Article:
Capps takes over Bucs' closer role, Torres moves to setup

PITTSBURGH -- Salomon Torres' latest blown save cost him his
job as the Pittsburgh Pirates' closer, with right-hander Matt Capps
taking over the role Friday and Torres again becoming a setup

Matt Capps


Salomon Torres


Manager Jim Tracy made the move after Torres couldn't hold a 2-0
lead in the ninth inning of a 4-2, 11-inning loss to the San Diego Padres on Thursday night -- the third time Torres has given away a
multirun lead in the ninth this season. Torres converted 12 of 16
save opportunities.

"If I was 14- or 15-of-16, we wouldn't be having this
conversation," said Torres, a setup man to Mike Gonzalez last year
before becoming the closer for the final six weeks of the season.
"The bottom line is I didn't do my job. I feel like I could have
done better. It didn't happen for me."

Torres became a closer relatively late in his career, at age 35,
mostly off his late-season performance of last season -- he
converted 12 of his final 13 save chances. Gonzalez was 24-for-24
as the closer last season, but was sidelined from mid-August on
with an elbow injury and was later dealt to Atlanta.

The right-handed Torres converted his first four save chances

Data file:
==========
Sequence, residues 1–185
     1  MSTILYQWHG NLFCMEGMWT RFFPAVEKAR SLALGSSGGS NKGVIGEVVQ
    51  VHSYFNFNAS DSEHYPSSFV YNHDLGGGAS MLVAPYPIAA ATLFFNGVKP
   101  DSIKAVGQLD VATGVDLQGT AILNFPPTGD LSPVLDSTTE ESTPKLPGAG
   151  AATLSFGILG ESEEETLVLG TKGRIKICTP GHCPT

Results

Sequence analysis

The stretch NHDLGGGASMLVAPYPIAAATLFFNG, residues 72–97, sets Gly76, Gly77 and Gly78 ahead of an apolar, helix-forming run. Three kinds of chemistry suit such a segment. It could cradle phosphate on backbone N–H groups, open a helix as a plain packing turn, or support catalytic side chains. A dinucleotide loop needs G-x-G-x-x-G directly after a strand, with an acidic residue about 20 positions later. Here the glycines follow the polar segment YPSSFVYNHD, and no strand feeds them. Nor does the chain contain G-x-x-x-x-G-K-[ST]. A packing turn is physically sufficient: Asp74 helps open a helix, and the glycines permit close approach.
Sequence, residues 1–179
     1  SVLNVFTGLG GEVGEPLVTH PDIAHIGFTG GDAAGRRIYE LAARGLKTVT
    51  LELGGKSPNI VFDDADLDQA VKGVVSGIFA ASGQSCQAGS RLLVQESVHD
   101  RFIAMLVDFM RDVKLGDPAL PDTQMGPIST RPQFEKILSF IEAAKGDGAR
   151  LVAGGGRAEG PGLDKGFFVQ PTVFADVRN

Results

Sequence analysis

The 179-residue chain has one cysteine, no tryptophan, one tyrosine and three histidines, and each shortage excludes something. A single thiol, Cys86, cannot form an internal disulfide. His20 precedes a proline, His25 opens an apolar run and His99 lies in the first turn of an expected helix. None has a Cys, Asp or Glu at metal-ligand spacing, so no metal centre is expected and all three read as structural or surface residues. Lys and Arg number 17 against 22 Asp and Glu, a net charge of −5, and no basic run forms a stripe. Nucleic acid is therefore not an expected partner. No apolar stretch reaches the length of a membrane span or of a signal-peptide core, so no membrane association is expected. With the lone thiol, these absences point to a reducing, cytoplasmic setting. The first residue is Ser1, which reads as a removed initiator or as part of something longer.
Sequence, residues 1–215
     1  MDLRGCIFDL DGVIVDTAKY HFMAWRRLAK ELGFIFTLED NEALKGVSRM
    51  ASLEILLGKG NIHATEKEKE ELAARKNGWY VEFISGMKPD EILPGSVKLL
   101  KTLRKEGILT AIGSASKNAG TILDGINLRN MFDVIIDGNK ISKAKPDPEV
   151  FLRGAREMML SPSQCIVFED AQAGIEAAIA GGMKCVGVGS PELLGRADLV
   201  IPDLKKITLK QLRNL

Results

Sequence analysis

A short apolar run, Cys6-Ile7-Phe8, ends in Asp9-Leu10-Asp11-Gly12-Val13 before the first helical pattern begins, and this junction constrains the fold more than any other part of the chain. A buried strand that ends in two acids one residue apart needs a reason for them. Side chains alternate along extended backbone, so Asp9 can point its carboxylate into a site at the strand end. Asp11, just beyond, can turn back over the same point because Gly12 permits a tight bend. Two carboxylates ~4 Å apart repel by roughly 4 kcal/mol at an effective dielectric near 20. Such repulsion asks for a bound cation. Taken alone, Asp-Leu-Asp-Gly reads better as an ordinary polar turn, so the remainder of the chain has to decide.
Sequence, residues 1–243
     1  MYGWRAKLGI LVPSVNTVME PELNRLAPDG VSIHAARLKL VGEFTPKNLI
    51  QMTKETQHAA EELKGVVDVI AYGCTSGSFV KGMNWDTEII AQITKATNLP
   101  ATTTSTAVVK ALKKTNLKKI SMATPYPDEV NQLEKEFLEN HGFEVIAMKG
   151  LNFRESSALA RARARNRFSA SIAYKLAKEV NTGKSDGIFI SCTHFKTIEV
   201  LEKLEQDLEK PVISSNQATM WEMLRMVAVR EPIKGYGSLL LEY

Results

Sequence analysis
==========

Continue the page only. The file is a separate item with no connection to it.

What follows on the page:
this season, struggled during a stretch in which he blew three
saves in five opportunities, then went 6-for-6 before his blown
save Thursday.

"We're going to be proactive with this, we're going to do it
now and we're not going to wait," manager Jim Tracy said. "The
schedule and standings don't allow you to drag your feet for too
long a time. We're going to take a shot and see where that takes

Capps, 23, was primarily a closer in the minors before settling
into a setup role with Pittsburgh two seasons ago. He went into
Friday night's game against Los Angeles with a 2-2 record, a 3.07
ERA, 24 strikeouts and six walks in 29 1/3 innings. He was 0-for-1
in save situations.

"He has the mentality to be a closer," Tracy said. "If you're
going to beat Matt Capps, you have to do it with the bat because
rarely do bases on balls enter into the equation."

A season ago, Capps walked only 12 in 80 2/3 innings. Torres had
nine walks in 24 innings this season.

"The bottom line is, whether you're going in the first, fifth
or ninth, you've got to get people out without them putting anybody
across," Capps said. "I've got to do the same thing I've been
doing, keep pounding the strike zone and see what happens."

The Pirates have had problems all season getting a lead to Capps
in the eighth inning and Torres in the ninth, with Jonah Bayliss,
John Grabow, John Wasdin and Marty McLeary all pitching erratically
in middle-innings roles.

Torres' strength is his durability -- he led the majors with 94
appearances last season -- and Tracy plans to use him to pitch more
than one inning at times, and sometimes on consecutive days.

"His ability to bounce back is stronger than where Matty would
be," Tracy said. "Right now we do not and have not had anyone
step forward to take that seventh inning and get you to your setup
man and closer."

Left-hander Damaso Marte (0-0, 1.00 ERA in 24 games), the
Pirates' most dependable middle innings reliever, was unavailable
for Friday night's game because of tightness in his left biceps.